This conversation with Roger Kornberg, 2006 Nobel Laureate in Chemistry, was recorded during the Nobel Prize Inspiration Initiative events in Gothenburg. Here he discusses the importance of language, the benefits of frequent failure, and how he developed the art of focusing deeply on a problem.Listen to Roger Kornberg
Roger Kornberg was awarded the 2006 Nobel Prize in Chemistry for for his studies of transcription - the process by which genetic information from DNA is copied to RNA. It is exactly the kind of "most important chemical discovery" referred to by Alfred Nobel in his will.Watch Roger Kornberg's Nobel Lecture: The Molecular Basis of Eukaryotic Transcription
In this game your job is to first make exact copies of a double-stranded DNA molecule by correctly matching base pairs to each strand, and to then determine which organism the DNA belongs to.Try the 'DNA - The Double Helix Game'
Malaria is one of the world's most common diseases, caused by a parasite that is transmitted to humans by a female mosquito's bite. 25 April is a day to commemorate global efforts to control malaria.More about World Malaria Day 2014
Malaria is one of the world's most common diseases, caused by a parasite that is transmitted to humans by a female mosquito's bite.Play the Mosquito Game
After years of experimenting och investigating, army surgeon Ronald Ross discovered the parasite causing malaria and was awarded the 1902 Nobel Prize in Physiology or Medicine.The history of malaria
PHYSIOLOGY OR MEDICINE - Monday 6 October, 11:30 a.m. at the earliest
PHYSICS - Tuesday 7 October, 11:45 a.m. at the earliest
CHEMISTRY - Wednesday 8 October, 11:45 a.m. at the earliest
PEACE - Friday 10 October, 11:00 a.m.
ECONOMIC SCIENCES - Monday 13 October, 1:00 p.m. at the earliest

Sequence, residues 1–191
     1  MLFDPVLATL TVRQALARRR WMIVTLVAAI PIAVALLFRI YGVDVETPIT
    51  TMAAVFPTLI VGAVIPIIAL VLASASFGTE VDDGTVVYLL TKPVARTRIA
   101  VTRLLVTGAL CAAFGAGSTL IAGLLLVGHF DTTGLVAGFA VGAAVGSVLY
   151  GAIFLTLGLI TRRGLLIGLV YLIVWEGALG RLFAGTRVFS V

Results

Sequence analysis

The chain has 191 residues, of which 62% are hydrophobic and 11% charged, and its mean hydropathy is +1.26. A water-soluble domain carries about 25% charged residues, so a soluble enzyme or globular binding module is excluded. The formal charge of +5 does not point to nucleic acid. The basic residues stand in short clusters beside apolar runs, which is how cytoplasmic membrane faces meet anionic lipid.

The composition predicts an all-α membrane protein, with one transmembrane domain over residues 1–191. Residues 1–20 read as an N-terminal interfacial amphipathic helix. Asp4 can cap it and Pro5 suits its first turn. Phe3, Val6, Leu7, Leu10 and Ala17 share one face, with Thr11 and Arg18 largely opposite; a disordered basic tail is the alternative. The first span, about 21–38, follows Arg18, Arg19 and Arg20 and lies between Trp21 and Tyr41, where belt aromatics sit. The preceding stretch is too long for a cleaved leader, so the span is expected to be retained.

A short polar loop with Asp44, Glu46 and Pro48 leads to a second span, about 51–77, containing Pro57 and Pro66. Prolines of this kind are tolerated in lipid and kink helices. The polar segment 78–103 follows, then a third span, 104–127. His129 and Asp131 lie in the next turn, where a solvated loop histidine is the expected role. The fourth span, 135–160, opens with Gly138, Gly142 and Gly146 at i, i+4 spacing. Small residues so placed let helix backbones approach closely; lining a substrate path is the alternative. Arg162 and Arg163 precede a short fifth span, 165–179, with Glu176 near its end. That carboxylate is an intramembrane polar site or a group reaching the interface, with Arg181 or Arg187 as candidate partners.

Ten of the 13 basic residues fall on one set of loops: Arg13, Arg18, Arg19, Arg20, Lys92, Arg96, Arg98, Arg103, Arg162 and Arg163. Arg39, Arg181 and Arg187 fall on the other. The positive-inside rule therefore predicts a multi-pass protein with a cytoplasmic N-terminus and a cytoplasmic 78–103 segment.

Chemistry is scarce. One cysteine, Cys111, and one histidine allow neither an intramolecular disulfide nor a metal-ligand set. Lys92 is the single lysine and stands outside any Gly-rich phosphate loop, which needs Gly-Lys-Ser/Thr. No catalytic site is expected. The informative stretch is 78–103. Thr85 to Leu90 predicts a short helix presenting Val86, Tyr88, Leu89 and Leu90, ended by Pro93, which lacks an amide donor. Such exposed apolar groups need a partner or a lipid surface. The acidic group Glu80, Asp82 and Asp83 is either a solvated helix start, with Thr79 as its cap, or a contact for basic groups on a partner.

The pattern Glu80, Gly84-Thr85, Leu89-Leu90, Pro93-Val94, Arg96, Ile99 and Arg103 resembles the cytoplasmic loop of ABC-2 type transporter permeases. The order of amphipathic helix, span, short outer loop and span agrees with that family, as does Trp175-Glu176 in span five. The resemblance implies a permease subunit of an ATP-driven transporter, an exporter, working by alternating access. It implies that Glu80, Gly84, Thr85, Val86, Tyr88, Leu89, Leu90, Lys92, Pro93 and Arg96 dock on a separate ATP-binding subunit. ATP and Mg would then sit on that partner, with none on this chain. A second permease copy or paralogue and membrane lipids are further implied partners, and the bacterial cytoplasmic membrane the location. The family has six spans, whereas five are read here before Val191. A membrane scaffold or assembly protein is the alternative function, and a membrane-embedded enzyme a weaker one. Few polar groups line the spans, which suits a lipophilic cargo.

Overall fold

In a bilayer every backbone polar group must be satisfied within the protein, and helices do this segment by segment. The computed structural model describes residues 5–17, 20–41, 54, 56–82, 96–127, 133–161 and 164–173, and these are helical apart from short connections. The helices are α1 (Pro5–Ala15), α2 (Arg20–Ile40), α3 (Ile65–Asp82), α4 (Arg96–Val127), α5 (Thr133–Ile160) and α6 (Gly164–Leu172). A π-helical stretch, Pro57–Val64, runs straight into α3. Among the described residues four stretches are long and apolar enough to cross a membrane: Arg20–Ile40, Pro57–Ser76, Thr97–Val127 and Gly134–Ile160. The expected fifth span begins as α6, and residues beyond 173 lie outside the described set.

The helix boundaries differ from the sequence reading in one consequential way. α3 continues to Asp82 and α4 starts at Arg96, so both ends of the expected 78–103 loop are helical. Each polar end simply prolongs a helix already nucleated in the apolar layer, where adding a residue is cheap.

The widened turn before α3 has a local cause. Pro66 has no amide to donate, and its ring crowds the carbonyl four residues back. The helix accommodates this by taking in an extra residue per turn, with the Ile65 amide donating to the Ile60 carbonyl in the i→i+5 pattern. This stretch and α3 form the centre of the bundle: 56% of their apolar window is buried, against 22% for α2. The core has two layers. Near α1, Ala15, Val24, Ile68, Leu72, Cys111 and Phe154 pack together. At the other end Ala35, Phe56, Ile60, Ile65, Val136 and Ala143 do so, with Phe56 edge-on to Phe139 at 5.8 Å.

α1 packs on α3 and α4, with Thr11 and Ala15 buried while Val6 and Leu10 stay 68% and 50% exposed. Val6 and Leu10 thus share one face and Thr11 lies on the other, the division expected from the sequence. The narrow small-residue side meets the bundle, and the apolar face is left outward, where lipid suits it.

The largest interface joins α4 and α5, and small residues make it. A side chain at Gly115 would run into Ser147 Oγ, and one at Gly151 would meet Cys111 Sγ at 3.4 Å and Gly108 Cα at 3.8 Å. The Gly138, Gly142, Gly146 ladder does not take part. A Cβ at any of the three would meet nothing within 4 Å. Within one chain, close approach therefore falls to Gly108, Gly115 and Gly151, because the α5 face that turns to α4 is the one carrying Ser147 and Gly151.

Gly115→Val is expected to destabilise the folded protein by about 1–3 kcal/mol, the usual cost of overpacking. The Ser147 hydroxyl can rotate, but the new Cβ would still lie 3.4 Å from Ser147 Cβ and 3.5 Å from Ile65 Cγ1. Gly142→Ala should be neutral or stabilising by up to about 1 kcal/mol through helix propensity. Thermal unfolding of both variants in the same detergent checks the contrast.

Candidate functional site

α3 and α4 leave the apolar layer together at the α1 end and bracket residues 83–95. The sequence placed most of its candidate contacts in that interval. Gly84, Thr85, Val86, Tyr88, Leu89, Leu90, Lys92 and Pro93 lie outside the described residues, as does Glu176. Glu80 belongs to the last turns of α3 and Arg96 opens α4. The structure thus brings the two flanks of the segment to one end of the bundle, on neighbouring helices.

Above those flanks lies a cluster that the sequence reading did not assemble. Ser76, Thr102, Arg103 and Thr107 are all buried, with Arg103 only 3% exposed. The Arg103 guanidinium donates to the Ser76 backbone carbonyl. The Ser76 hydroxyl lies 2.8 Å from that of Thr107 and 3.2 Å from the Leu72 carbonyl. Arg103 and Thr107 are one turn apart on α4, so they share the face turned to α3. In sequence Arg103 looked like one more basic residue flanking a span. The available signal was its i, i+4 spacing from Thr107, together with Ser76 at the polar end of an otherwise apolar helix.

LITERATURE - The date will be set later
Times listed are local time in Sweden (CET).
The vast majority of experts agree that climate change is taking place and that human activity has a role to play. ”The risks are unacceptable”, says Chemistry Laureate Mario Molina, who has chaired a new report on climate change. But the good news is that we can do something about it.Play 49 min.
As a student Martin Chalfie became convinced that science was not for him. Now the 2008 Chemistry Laureate enjoys spreading news of the social, collaborative joy of science to new generations. Here, he discusses the beauty of the scientific field of touch and why failed experiments mean making progress.Play 44 min.
People age biologically at very different rates, according to Medicine Laureate Elizabeth Blackburn. Here, she discusses how her scientific discoveries concerning telomeres transform the way we look upon aging, and as longevity increases over time, how we can look upon the elderly as a resource.Play 49.min.
To master modeling is an art, says Eric Maskin. In this conversation, the 2007 Laureate in Economic Sciences explains how models can be applied to help tackle societal issues such as income inequality. He also talks about the beauty of mathematics and what it is like to live in Albert Einstein's old house.Play 41 min.
Eleven men, one woman and one organization were awarded in 2013.
See all 2013 Nobel Laureates
Riccardo Muti conducted the Royal Stockholm Philharmonic Orchestra in a programme comprising Verdi, Martucci and Respighi.
Watch the concert at the Stockholm Concert Hall
Gabriel García Márquez, awarded the Nobel Prize in Literature 1982, passed away on 17 April.1982 Nobel Prize in Literature
Dale T. Mortensen, awarded the 2010 Prize in Economic Sciences for the study of labour markets, passed away on 9 January.Biography
John Cornforth, awarded the 1975 Nobel Prize in Chemistry for work on the stereochemistry of enzyme-catalyzed reactions, died on 14 December. John Cornforth was and still is the only Australian awarded a Chemistry Prize.Short biography